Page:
Buddhist Art: A Fragile Inheritance – A Reflection on The Film Screening at UBC (February 17, 2016)

From Bhutan and Ladakh in the Himalayas to the Dunhuang Grottoes on the Silk Road in China, the spread of Buddhism has left numerous historical artistic treasures. Many of them, however, have already disappeared or been damaged. The sumptuous film “Buddhist Art: A Fragile Inheritance” by award-winning filmmakers Mark Stewart Productions tells the story of the valuable but vulnerable wall paintings in Bhutan, Ladakh, and the Dunhuang Grottoes, and the efforts that have been made to save these inheritances. This film was presented at the University of British Columbia’s Frederic Wood theatre on February 17, followed by a Q&A session with Professor David Park, Director of both The Robert H.N.Ho Family Foundation Centre for Buddhist Art and Conservation and the Conservation of Wall Painting Department at the Courtauld Institute of Art.

Today, Buddhism is followed by approximately 500 million devotees around the world. Throughout history, Buddhist figures and deities have been significant to Buddhist practitioners and even ordinary people in Buddhist societies and regions. In today’s Bhutan, hundreds of young students still receive training in the tradition of ancient painting every year. The painting instructions have to be followed and passed on from generation to generation. To ordinary practitioners, paintings with Buddhist images are regarded as visual aids, which allow the eye and mind to focus on particular aspects of Buddhist teachings. To the painters, the painting process also involves the mental practice of visualizing the deities and dissolving oneself within the supreme qualities of the deity. To historians and artists, Buddhist wall paintings in Bhutan, Ladakh, and Dunhuang Grottoes are great inheritances, reflecting the original spreading of the faith through India, Central Asia, and China. Yet most of the wall paintings have already disappeared, and many of the delicate survivors are under threat, mainly due to natural disasters, changing climates, and human pressure.

The film switches back and forth among different monasteries and caves in Bhutan, Ladakh, and Dunhuang. The environment, especially natural disasters, is the common factor that leads to the decay of the wall paintings. Painted on a clay layer, most of the wall paintings are exposed, only protected by rocky caves. As a result, large areas of the paint have peeled off the wall due to erosion. In Bhutan and Ladakh, earthquakes are one of major causes of cracks on the walls. Although plaster has been used to fill the cracks, the structures of these walls or monasteries still require repairs to prevent further cracking. Unusual weather events, such as sudden floods, are another factor that damages the caves, architecture, and the historical wall paintings in Ladakh and Dunhuang. Located between the Gobi desert and Taklimakan desert, the wall paintings and caves at Dunhuang Grottoes are under terrible threat from sand erosion and encroaching desert. Long-term studies are in process with several institutes, including Dunhuang Academy and the Getty Conservation Institute. An experimental system has been built, one that includes temporary fans, natural barriers, and a sand protecting wheat grass grid to control the sand damage.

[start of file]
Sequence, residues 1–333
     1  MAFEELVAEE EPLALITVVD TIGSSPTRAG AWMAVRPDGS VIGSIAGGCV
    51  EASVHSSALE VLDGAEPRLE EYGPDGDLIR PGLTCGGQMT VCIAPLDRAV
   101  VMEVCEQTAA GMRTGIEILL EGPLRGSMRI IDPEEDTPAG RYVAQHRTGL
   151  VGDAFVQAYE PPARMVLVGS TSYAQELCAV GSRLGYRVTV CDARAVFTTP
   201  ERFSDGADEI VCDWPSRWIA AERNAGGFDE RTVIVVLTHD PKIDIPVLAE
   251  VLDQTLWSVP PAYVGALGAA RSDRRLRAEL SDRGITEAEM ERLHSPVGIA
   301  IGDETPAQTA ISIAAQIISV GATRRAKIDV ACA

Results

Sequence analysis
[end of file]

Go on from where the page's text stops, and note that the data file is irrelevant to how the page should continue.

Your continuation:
Human activities, or even some Buddhist practices, also damage the wall paintings. In Bhutan, fire is a particular hazard to paintings housed in traditional wood buildings. One monastery was badly burned, most likely due to traditional butter lamps. In Ladakh, many historical sites are in high and remote areas, forgotten by villagers and gradually falling apart. Local people and officials have not recognized the importance of the unique iconography found on these sites and as such, the conservation work is sometimes difficult. On the other hand, the situation at the Dunhuang Grottoes is completely different. As a popular tourist site, the Dunhuang Mogao Caves attracts thousands of visitors every day. Excessive human activities bring pressure to the fragile Buddhist wall paintings and sculptures and the overcrowded caves and walkways also lead to an uncomfortable tourist experience. Sustainable tourism is urgently needed and replica caves are now under construction, with the hope to replace and save the original historical sites.

Unskillful repairs and renovations are problems too. In fact, the repair work itself is controversial. Among Buddhist communities, the Buddhist idea of impermanence influences the attitude towards the Buddhist wall paintings and their threats. Since everything goes through the cycle of birth and rebirth, the damaged paintings should be repainted as a natural process. However, overpainting and restoration of ancient art is contrary to the Western view of conservation that aims to understand and slow down the process of deterioration, and to stabilize the condition of art works. Restoration, on the other hand, focuses more on the aesthetics and appearance of the painting.

The conflict between conservation and restoration may reflect two different value systems and aims. During the Q&A session after the film screening, a few audience members also raised this concern. Professor Park indicated that most of the wall paintings in the aforementioned areas, Bhutan for example, were done in the nineteenth and twentieth centuries. Only a handful of these paintings are authentic historical works. While new wall paintings are still being created, these fragile treasures require protection and preservation. Communication with local villagers, officials, and even royal families has been done to pursue better understanding and cooperation. Professor Park also noted that this documentary was produced for television and will be shown around the world in the future.

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